Re­cent events il­lus­trate what a danger­ous world we in­habit—with ter­ror­ist at­tacks grow­ing in fre­quency and com­ing closer to home. If a hos­tile sit­u­a­tion is en­coun­tered, the civil­ian will most likely be de­fend­ing him­self with a hand­gun. A hand­gun is def­i­nitely not the op­ti­mum choice, es­pe­cially when com­pared to a ri­fle, and is a com­pro­mise be­tween porta­bil­ity and per­for­mance.

SI first be­gan work on the RDS con­cept when seek­ing an an­swer to ques­tions posed by many of its stu­dents re­gard­ing how best to en­hance the hand­gun—the pri­mary weapon for many.


Pro­fi­ciency with a hand­gun is one of the most per­ish­able weapon skills. It is im­pacted as we get older as a re­sult of changes in our vi­sion, which can cause dif­fi­culty see­ing iron sights and the tar­get at the same time or dif­fi­culty tran­si­tion­ing fo­cus be­tween the front sight and the tar­get.

The so­lu­tion was the same as most had al­ready opted for with their ri­fles: Add a red-dot sight. That so­lu­tion, with trial and er­ror in prod­uct de­vel­op­ment, not only as­sisted SI’s stu­dents, but also en­hanced the ba­sic abil­ity of the per­sonal-de­fense hand­gun plat­form as a whole. The Suarez Guttersnipe 17 9mm is an ex­cel­lent ex­am­ple of this. It is one of the com­pany’s most pop­u­lar RDS hand­gun up­grade of­fer­ings.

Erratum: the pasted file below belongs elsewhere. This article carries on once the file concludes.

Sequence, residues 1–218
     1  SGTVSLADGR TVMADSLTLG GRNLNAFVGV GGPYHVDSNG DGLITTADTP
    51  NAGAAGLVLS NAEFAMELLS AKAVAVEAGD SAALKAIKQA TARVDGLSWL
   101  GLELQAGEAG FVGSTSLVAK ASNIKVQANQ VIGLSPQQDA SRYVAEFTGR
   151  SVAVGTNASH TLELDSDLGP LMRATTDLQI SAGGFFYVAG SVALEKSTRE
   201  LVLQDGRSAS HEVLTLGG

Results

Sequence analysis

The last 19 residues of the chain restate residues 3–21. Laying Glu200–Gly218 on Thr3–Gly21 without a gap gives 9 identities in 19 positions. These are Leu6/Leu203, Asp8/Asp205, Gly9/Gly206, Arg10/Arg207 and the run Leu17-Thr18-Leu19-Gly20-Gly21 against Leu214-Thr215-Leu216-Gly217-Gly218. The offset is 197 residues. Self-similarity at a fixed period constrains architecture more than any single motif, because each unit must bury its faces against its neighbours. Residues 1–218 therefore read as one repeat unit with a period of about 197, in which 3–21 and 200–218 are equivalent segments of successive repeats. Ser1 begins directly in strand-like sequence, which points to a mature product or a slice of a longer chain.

The Suarez use of the term, “Guttersnipe,” harkens back to the cus­tom ASP hand­gun from the 1970s. The ASP was based on the S&W Model 39, with gun­smith Paris Theodore to­tally re­work­ing it to ex­cel in close-quar­ter en­coun­ters. The unique sight­ing sys­tem on the ASP, re­ferred to as a “Guttersnipe” sight, was a nar­row­ing U-chan­nel with flu­o­res­cent-yel­low pan­els that would form three tri­an­gles, all pointed at the tar­get when the sight was prop­erly aligned.

Ad­vances with red-dot sights now sup­plant the role of the orig­i­nal Guttersnipe sight.

The Suarez In­ter­na­tional Guttersnipe 17 be­gins with a cus­tomer-pro­vided Glock G17 frame. Two cus­tomiza­tion ar­eas that are im­me­di­ately no­ticed are the grip frame and the Suarez V3 SI317 red-dot-ready slide. SI starts by re­duc­ing the G17 frame to G19 di­men­sions. This is a re­flec­tion of the grip be­ing the most prob­lem­atic por­tion to con­ceal; be­cause the slide doesn’t print, it is most likely in the waist­band and in line with the hip/leg if prac­tic­ing con­cealed carry. The longer G17 slide, com­bined with cus­tom­ized grip, im­proves con­ceal­a­bil­ity but also con­trib­utes to a su­pe­rior-feel­ing hand­gun with bet­ter bal­ance.